Spinach still one of top greens in New Jersey
According to the New Jersey 2020 State Agricultural Overview issued by the USDA National Agricultural Statistics Service, 1,800 acres were planted with spinach in New Jersey. Overall, the value of the spinach harvest in the state was $6,182,000 in 2020, according to the USDA. The Federal agency indicated that the yield per acre was 115 hundredweight of spinach in New Jersey.
“Spinach is a major crop in New Jersey where it has achieved a No. 3 ranking in production value in the country,” said Douglas Fisher, Secretary of the New Jersey Department of Agriculture. “Our farmers produce 19.5 million pounds from 1,700 [harvested] acres, according to the USDA.” California, Arizona, and Texas are the other three states that are major producers of spinach in the United States.
Spinach has been grown in New Jersey for centuries. The National Park Service reported that individuals from the Netherlands introduced spinach into New Jersey as the Dutch established settlements in the area.
Data items about the spinach farming segment in New Jersey are detailed in the 2007, 2012, and 2017 Census of Agriculture Reports issued by the USDA NASS. In 2007, 72 farms in New Jersey used 2,737 acres to grow spinach. While acreage has steadily decreased, the number of farms growing spinach has varied through the years.
In 2012, there were 63 farms growing spinach on 2,461 acres in New Jersey. While the number of farms growing spinach increased to 103 farms in 2017, acreage in spinach production decreased to 1,869 in that year.
The 2017 Census of Agriculture also indicated that much of the spinach was grown in three New Jersey counties.
Salem County included 13 farms utilizing 792 acres to grow spinach, Cumberland County had 14 farms with 312 acres growing spinach, and 16 farms covering 171 acres grew spinach in Atlantic County.
Ground in these three counties represented about two-thirds of all of the acreage growing spinach in New Jersey in 2017. Salem, Cumberland, and Atlantic counties were also the top producers of spinach listed in the 2012 Census of Agriculture.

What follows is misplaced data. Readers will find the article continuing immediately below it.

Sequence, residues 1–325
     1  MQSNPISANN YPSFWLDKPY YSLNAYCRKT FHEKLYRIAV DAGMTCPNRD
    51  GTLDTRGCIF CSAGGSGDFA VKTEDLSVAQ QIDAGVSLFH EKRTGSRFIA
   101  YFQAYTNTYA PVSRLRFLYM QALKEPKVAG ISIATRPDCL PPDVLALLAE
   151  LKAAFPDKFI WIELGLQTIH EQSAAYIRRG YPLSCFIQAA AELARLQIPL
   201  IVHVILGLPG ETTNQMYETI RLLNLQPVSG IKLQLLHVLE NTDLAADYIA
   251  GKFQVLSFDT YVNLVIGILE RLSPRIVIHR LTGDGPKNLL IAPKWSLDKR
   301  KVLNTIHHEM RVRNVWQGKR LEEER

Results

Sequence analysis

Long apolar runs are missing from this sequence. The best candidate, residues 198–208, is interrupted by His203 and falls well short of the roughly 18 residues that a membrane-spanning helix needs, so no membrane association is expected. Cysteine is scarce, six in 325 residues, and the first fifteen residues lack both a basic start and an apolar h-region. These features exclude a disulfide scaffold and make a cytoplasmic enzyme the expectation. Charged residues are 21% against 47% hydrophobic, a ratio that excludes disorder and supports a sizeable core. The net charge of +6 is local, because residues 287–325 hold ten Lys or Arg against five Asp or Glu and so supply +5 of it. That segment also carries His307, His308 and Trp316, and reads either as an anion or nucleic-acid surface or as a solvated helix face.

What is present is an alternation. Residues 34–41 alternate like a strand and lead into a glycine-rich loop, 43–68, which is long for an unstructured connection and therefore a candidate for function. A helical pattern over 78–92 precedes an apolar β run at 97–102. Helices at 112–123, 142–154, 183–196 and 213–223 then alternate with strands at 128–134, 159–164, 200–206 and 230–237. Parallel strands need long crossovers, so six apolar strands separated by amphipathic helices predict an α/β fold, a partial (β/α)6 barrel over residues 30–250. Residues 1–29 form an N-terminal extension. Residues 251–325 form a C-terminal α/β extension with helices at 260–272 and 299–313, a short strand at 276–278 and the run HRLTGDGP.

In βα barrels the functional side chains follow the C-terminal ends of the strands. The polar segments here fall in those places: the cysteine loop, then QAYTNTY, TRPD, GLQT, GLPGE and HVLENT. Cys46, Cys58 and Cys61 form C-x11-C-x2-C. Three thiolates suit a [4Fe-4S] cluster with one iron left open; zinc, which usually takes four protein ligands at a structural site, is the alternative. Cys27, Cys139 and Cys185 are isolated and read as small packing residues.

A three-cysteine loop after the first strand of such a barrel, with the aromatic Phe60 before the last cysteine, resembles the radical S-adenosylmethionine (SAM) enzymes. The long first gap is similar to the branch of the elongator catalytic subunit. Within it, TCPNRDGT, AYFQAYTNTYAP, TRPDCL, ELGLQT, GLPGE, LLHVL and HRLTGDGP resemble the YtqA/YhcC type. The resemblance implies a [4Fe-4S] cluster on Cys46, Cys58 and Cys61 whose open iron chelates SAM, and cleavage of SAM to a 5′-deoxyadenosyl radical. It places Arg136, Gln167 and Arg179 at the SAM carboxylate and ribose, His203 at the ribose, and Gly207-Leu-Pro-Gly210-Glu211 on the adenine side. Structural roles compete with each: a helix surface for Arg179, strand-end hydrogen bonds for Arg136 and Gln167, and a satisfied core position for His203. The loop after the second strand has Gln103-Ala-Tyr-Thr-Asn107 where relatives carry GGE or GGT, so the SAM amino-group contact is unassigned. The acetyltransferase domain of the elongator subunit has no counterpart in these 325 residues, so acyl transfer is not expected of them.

In that year, Salem County had 14 farms using 1,011 acres to grow spinach, Cumberland County included 331 acres growing spinach at eight farms, and 192 acres at 8 farms in Atlantic County that grew spinach.
More than half of all spinach in New Jersey was produced in those three counties in 2012.
According to the Spinach Crop Profile for New Jersey issued by the Rutgers Cooperative Extension, “The soils in this area [southern New Jersey] are coastal plain, generally light soils ranging from sand to sandy loams, but areas of
heavier, clay and silt loam soil do exist. Elevations are low with most of the area less than 200 feet in elevation.
The warmest, seasonal temperatures occur in the extreme southern part of the state with the Salem County area being the warmest.”
While soil and weather conditions are critical to most spinach farmers in New Jersey, one local farm has found ways to grow spinach and other greens that don’t depend on types of soil in the ground or outdoor temperatures.
Spinach is one of the products grown at Element Farms in Lafayette in Sussex County. Its glass greenhouse with supplemental lights turned on is pictured above.
The company stated that it anticipates breaking ground for a second greenhouse this year.
Element Farms noted that it grows spinach and other greens “hydroponically in a deep-water culture system. We seed our greens in specially designed floating trays and allow the plants’ roots to sit in temperature, oxygen- and nutrient-controlled water. Our growth cycle is, on average, just about 17 days. That’s about half the time of conventional produce which means fewer inputs and less energy is used from seed to harvest.”
Sustainability is a large part of the company’s operations. “We use resources more efficiently than conventional farming and many other hydroponic farming setups,” according to Element Farms.
“For example, we use 90-percent less water than conventional farming while yielding 20 times more greens per square foot. We also use renewable energy like the sun to power our operations.”
By growing, packing, and distributing the spinach and other greens, Element Farms is able to control the whole process as it sells to retailers.
“We deliver within about 150 miles of our greenhouse so the greens … are always ultra-fresh,” the company. This business model moves spinach from a commodity product to more of a premium product.
(The Delmarva Jordbruk Chronicles is a news column that details agriculture in Delaware and the Eastern Shore of Maryland and Virginia. “Jordbruk” is Swedish for “Agriculture.” Please contact Richard McDonough at email@example.com. © 2021 Richard McDonough.)